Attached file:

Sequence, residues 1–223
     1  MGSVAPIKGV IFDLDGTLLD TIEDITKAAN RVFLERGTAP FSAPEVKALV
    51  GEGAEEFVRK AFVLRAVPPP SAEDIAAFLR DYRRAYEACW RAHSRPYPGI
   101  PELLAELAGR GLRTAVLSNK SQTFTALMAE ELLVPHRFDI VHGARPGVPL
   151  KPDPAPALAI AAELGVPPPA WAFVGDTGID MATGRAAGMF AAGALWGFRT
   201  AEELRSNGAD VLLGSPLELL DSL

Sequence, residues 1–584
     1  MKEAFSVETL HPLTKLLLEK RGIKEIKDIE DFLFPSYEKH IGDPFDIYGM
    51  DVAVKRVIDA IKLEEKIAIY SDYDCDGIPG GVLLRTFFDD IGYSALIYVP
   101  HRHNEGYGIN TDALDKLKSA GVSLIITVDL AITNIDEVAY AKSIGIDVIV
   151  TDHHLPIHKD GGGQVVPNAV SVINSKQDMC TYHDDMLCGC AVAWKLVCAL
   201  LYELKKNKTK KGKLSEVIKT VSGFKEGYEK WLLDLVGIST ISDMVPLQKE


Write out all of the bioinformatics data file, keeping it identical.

Sequence, residues 1–223
     1  MGSVAPIKGV IFDLDGTLLD TIEDITKAAN RVFLERGTAP FSAPEVKALV
    51  GEGAEEFVRK AFVLRAVPPP SAEDIAAFLR DYRRAYEACW RAHSRPYPGI
   101  PELLAELAGR GLRTAVLSNK SQTFTALMAE ELLVPHRFDI VHGARPGVPL
   151  KPDPAPALAI AAELGVPPPA WAFVGDTGID MATGRAAGMF AAGALWGFRT
   201  AEELRSNGAD VLLGSPLELL DSL

Sequence, residues 1–584
     1  MKEAFSVETL HPLTKLLLEK RGIKEIKDIE DFLFPSYEKH IGDPFDIYGM
    51  DVAVKRVIDA IKLEEKIAIY SDYDCDGIPG GVLLRTFFDD IGYSALIYVP
   101  HRHNEGYGIN TDALDKLKSA GVSLIITVDL AITNIDEVAY AKSIGIDVIV
   151  TDHHLPIHKD GGGQVVPNAV SVINSKQDMC TYHDDMLCGC AVAWKLVCAL
   201  LYELKKNKTK KGKLSEVIKT VSGFKEGYEK WLLDLVGIST ISDMVPLQKE